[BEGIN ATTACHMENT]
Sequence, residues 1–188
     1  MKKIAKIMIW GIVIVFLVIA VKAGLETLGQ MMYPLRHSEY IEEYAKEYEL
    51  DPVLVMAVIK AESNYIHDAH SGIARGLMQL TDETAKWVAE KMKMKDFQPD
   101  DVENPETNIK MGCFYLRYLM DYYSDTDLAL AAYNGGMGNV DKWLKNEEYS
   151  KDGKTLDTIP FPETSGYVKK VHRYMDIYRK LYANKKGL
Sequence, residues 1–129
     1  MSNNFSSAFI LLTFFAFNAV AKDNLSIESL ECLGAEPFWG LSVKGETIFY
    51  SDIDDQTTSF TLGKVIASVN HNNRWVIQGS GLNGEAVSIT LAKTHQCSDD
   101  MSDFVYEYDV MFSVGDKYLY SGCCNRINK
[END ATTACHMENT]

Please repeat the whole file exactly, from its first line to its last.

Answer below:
Sequence, residues 1–188
     1  MKKIAKIMIW GIVIVFLVIA VKAGLETLGQ MMYPLRHSEY IEEYAKEYEL
    51  DPVLVMAVIK AESNYIHDAH SGIARGLMQL TDETAKWVAE KMKMKDFQPD
   101  DVENPETNIK MGCFYLRYLM DYYSDTDLAL AAYNGGMGNV DKWLKNEEYS
   151  KDGKTLDTIP FPETSGYVKK VHRYMDIYRK LYANKKGL
Sequence, residues 1–129
     1  MSNNFSSAFI LLTFFAFNAV AKDNLSIESL ECLGAEPFWG LSVKGETIFY
    51  SDIDDQTTSF TLGKVIASVN HNNRWVIQGS GLNGEAVSIT LAKTHQCSDD
   101  MSDFVYEYDV MFSVGDKYLY SGCCNRINK